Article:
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How The Pandemic Has Helped Some SMEs

A shop sign saying "Think big, shop small"In a lot of ways, 2020 has sucked for all kinds of businesses. I’m not here to Mary Poppins a terrible situation.

But in amongst all the bad news, some rays of light have strayed across my screens. The small and mid-sized businesses that have turned lemons into limoncello and provided valuable services during a pandemic.

And boy, did we need it.

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How COVID-19 changed the SME rules

1. Serving consumer demand

For the first weeks of lockdown, the big brands couldn’t keep up with the sudden demand for larger orders of milk, anti-bac wipes and other necessities. No one really wanted to go to the supermarket, and online order slots were worth more than their weight in bread flour.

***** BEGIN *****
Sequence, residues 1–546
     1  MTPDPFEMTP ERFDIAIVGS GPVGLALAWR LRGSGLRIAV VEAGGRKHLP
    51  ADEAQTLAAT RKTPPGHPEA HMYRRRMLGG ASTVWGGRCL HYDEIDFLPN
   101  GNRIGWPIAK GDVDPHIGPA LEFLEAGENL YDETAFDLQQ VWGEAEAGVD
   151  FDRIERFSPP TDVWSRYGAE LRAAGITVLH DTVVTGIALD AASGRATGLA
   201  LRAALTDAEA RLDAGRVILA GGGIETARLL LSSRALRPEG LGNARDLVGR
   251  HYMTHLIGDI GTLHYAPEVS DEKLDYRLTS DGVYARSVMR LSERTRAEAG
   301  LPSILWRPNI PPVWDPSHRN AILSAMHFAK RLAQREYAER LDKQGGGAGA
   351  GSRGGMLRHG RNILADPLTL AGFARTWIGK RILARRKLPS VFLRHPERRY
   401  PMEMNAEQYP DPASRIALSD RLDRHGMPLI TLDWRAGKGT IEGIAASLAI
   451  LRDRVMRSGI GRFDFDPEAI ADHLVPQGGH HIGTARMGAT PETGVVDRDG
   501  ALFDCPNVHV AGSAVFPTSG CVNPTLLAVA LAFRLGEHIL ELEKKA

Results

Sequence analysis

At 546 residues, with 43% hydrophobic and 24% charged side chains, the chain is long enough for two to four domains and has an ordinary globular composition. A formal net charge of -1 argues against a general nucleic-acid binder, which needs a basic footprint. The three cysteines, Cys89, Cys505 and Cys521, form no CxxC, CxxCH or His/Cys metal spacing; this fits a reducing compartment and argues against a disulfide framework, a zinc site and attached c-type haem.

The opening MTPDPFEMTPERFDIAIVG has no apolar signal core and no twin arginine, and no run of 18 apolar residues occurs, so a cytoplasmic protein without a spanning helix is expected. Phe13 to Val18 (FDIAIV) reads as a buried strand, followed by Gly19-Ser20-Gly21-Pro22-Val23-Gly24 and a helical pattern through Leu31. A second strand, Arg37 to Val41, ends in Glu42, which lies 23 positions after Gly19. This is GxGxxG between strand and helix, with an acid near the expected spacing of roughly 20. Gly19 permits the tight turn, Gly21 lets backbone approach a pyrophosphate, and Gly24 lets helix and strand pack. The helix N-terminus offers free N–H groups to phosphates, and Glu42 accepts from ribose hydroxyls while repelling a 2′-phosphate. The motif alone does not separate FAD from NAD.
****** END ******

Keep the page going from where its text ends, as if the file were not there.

We were all forced to venture further in our searches for the household staples we needed. Looking further through our search results and thinking laterally about other suppliers.

Case study: Milk&More

As well as the local community-run village shop, my biggest pandemic lifeline was Milk&More. A couple of days before lockdown, I decided I needed to organise milk, bread and juice for my grandparents, to convince them to stay home.

Even at that point, I couldn’t get a slot with any of their local supermarkets – so I thought of the milkman. Milk&More IS the milkman, but they deliver far more than that. Cleaning products, snacks, bakery, all sorts.

Pre-lockdown, Milk&More had a respectable customer base. They prided themselves on their commitment to sustainability and had the largest fleet of electric vehicles in the UK – 200 electric milk floats. They were the lifeblood of the British institution that is the milkman.

But they were about to be hit with the biggest spike in demand for alternative grocery delivery – ever. A week after my first order, Milk&More had to put a pause on new accounts. There was a holding page on their website; the queue sometimes got to 17,000 people. My grandparents kept getting their delightful (seriously, they’re obsessed) delivery every Monday morning.